The first republic was also a formative period for the Arabs, however, for it was then that the conflicted self of the “Israeli Arab,” the “pessoptimist,” as per the title of Emile Habibi’s well-known novel, came into being. A member of the Arab minority faced continuous dilemmas, each of which was central to his or her very self-definition: Do I owe allegiance to an enemy state of which I am a citizen? Should I sell my land to Jews or wait to get compensation if the state expropriates it? Should I turn in infiltrators to the authorities? Who should I vote for? Will I teach my children the recent history of the Palestinian people? Good Arabs makes the point that the politics of collaboration significantly shaped the kind of choices a normative Arab citizen would make. Put differently, collaboration, and with it the fear, shame and guilt that were its fellows, became part of who they were.

Who Is a Collaborator?

Israel’s network of collaborators was built over a relatively short time span. In almost every village, neighborhood, clan, tribe and family, someone, on some level, helped the Israeli state consolidate its rule over the Palestinian Arab population. But why did so many people collaborate and what kind of collaboration was it?

Reasons for collaboration varied widely, but they boiled down to one basic motive: the need to survive. Post-1948 Palestinian society was in ruins, as people had lost their agricultural land and urban property, and thus their social and economic networks of support. They had also — and this is an important aspect of the willingness to collaborate — lost their psychological grounding. Scores of desperate and disoriented individuals, some of whom were physically weak and malnourished, were ready for a deal. With this in mind, various Israeli security agencies held out almost irresistible temptations: assistance in finding day jobs, career placement as teachers and bureaucrats, and a raft of licenses and permits for everything from commerce, construction and taxi driving to the coveted right of movement and travel between the Arab villages inside Israel. Other benefits were the granting of Israeli identification cards to “recommended” individuals, the prestigious right to bear arms, positions of community leadership and the erasure from state records of criminal charges — both just and trumped-up. Last but not least were the time-honored cash payment and the human element of fear. These incentives attracted low-level informants who were commonly known to Arabs as adhnab.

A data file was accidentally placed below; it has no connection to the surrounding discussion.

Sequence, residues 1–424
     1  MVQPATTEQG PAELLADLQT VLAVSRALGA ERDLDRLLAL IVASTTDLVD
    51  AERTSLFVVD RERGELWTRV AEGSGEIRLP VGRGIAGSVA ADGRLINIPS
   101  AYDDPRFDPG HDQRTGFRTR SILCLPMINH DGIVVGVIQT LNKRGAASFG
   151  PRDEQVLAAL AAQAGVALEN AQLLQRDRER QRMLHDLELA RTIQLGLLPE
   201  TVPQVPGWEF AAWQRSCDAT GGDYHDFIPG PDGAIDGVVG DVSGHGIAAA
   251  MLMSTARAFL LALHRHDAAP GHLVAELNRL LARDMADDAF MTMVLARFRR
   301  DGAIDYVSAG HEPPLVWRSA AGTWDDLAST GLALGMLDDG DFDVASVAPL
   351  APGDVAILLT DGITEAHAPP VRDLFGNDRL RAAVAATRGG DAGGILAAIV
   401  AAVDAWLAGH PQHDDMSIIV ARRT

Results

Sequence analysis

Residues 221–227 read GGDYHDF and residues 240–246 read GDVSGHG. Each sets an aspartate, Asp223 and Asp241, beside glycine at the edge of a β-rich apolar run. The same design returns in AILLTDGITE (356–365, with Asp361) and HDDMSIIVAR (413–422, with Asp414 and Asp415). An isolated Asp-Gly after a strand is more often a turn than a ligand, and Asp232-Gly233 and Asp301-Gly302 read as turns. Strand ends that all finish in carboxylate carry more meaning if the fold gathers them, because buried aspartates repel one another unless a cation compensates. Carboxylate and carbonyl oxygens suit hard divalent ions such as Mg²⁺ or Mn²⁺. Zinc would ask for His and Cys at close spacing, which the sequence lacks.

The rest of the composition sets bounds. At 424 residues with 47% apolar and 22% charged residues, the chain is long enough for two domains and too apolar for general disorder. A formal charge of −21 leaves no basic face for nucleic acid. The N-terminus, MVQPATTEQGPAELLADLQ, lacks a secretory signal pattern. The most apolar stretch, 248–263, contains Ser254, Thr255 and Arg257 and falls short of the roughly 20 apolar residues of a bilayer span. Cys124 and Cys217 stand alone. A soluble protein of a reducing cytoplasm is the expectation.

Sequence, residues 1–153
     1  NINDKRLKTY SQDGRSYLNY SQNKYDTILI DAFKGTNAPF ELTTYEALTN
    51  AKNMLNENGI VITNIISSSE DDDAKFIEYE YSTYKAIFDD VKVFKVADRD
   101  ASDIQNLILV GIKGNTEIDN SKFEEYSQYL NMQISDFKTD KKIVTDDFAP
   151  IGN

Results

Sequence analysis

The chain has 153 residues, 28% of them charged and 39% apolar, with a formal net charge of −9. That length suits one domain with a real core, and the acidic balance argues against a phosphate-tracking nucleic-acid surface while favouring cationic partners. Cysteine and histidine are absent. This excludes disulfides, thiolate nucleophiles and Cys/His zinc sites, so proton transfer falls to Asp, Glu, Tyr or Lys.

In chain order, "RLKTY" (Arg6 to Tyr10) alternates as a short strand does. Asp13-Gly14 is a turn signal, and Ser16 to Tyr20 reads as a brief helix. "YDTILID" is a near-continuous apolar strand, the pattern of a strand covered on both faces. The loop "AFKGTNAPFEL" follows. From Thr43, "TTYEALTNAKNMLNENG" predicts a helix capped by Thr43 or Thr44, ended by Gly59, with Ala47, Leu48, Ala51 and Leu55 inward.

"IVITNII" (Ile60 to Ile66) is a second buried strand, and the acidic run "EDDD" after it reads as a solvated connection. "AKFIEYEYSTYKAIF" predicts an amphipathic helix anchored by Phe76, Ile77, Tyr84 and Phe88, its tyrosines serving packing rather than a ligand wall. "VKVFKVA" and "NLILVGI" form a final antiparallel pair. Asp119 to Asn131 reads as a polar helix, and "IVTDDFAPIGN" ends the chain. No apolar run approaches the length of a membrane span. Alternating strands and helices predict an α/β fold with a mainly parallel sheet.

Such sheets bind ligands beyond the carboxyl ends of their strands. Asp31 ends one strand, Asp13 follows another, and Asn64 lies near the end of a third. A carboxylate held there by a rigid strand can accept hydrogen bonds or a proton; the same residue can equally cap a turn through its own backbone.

For high-profile collaborators (‘umala’), people willing to put their lives or reputations on the line, the list of benefits was even more enticing. First there was the unofficial permission to smuggle goods into Israel from neighboring countries. The Israel of the 1950s was poor and often hungry, and the smuggling of meat, a rationed commodity, was a rewarding business. Collaborators could easily move entire herds of livestock across the border from Jordan or Lebanon. Other frequently smuggled items were fabrics, drugs and weapons. Thus, for instance, did an old acquaintance of Gen. Moshe Dayan from the northern village of Rihaniyya acquire the franchise upon authorized smuggling from Lebanon.

Another possible reward for powerful collaborators was the right to cultivate, or lease to others, the deserted land of refugees in exile. They could even choose a particular plot of land from the official database of abandoned properties. Such rewards usually brought large sums of money to the collaborator and thus translated into an important source of local power, which, in turn, inflated the collaborator’s ability to influence public affairs. The more receptive the authorities were to the needs of high-profile collaborators, the firmer the collaborators’ grip on and prestige within their communities became — and the more valuable the information they could offer to Israel. With time, such collaborators also attained a measure of leverage over the authorities, which they could use for the common good. Truly, high-profile collaboration was a liaison dangereuse.